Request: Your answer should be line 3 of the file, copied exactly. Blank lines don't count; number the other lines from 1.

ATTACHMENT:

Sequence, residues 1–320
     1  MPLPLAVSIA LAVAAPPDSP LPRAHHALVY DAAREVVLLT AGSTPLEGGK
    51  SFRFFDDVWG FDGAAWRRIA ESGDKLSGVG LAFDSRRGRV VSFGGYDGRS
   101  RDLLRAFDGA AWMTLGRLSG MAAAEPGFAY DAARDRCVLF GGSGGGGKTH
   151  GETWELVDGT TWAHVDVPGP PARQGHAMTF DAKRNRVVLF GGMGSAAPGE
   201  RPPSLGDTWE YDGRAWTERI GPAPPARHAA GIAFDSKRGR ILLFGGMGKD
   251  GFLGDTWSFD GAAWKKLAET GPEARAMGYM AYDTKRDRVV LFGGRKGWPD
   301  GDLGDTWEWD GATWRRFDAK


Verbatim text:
    51  SFRFFDDVWG FDGAAWRRIA ESGDKLSGVG LAFDSRRGRV VSFGGYDGRS